Now I know you are all dedicated followers of health issues: non smokers, fat-reducers and possibly even closet vegetarians; so let me share my secret with you. Go on, let me.
Given that some hospitals are now denying surgery to patients who they consider are aggravating their own ill health, you’ll know that a reduction in Body Mass Index (BMI) is something very desirable. If you have a BMI over the current “goalpost” max settings, your chances of getting NHS treatment are becoming a little slim (pardon the pun).
I have recently achieved an unexpected reduction in my BMI.
Some of it is entirely down to me; I’ve spent nearly a year limiting my intake of fatty or sugary foods, upping my vegetables and fruits, and taking longer walks. I’m now 17 kilos lighter, and have a BMI that is 6 points lower, than at this time last year.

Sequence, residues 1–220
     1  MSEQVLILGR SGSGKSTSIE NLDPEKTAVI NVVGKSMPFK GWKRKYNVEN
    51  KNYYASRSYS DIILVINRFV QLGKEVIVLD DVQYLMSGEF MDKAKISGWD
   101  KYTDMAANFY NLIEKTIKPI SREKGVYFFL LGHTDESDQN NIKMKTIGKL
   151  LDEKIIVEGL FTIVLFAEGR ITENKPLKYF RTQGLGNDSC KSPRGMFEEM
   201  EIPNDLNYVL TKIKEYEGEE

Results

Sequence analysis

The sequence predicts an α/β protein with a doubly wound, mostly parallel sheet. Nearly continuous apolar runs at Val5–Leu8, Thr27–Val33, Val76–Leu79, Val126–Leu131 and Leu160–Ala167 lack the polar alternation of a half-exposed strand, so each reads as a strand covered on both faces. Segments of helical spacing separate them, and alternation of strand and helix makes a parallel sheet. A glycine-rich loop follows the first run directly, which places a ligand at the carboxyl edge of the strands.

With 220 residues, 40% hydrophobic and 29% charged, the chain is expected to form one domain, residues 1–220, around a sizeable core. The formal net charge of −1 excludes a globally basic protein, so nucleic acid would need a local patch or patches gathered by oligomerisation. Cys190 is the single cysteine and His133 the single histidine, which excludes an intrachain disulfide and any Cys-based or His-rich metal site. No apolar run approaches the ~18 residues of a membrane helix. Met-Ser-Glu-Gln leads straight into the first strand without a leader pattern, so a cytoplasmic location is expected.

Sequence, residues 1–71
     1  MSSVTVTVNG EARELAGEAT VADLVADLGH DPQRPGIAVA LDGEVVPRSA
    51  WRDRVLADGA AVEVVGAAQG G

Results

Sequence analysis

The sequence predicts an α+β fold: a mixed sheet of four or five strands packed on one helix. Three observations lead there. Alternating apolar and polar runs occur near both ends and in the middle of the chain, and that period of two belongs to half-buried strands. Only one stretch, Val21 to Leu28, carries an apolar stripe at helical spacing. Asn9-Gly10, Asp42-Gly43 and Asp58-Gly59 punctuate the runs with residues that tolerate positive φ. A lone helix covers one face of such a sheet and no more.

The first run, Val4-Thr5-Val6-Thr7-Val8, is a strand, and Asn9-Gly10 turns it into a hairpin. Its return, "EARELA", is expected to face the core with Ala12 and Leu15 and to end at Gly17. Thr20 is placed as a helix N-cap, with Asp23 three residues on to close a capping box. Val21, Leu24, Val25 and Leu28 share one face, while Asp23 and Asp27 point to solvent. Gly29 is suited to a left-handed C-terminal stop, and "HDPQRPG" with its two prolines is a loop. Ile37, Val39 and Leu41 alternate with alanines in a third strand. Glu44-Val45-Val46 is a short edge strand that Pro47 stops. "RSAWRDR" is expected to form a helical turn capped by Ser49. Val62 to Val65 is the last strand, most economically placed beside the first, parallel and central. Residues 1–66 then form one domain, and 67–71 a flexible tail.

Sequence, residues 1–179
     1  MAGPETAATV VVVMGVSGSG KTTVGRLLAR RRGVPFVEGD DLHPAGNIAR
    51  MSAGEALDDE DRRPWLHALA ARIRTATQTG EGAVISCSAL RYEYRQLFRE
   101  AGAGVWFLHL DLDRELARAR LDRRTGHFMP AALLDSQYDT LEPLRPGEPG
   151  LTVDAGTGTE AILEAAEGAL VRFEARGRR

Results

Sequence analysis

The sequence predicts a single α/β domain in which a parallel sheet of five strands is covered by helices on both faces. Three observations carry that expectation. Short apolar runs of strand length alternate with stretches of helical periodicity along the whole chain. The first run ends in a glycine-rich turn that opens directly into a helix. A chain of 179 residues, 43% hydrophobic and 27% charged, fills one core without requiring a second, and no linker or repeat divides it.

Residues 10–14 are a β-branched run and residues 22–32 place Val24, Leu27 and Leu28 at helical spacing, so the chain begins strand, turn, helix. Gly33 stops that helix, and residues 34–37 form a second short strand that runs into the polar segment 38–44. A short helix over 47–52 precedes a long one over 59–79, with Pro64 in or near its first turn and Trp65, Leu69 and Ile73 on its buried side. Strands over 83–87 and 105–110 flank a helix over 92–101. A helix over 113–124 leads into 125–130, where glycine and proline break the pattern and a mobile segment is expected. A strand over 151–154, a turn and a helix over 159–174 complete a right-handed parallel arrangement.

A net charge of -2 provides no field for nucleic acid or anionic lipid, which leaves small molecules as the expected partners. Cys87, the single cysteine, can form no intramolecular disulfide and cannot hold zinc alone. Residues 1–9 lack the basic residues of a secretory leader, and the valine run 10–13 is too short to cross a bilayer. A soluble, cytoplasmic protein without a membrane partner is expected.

However, in the past couple of weeks I’ve also discovered a neat trick that augments the effect: my BMI depends on which leg I stand on to be measured.
On my right leg, I’m 1 metre 61 centimetres tall. This gives me a BMI of 34.4. On my left leg, however, I’m 1 metre 62 centimetres – which gives me a BMI of 33.9. Neat, yes? Half a point shaved off just by standing on one leg.
As soon as the hospital repeats the resurfacing operation on the right hip, I’m told I’ll “grow” back to the same height on both legs! When the surgical team told me that resurfacing would be my best option, they explained that because my bones are strong and thick, they have only a small inner space; this meant that a full joint replacement would have allowed me only a slender prosthesis with a small bearing-head, but for the same reason resurfacing was the perfect solution. I just smiled smugly. You see, I’ve told the weight-critics for years that I have heavy bones.
Ah … now I think this is where we came in; I suppose my BMI can’t rely on surgery every time. Would you class it as a catch-22?
Oh well. Stay off the chocolates and buttery shortbread, and try not to bite your fingernails.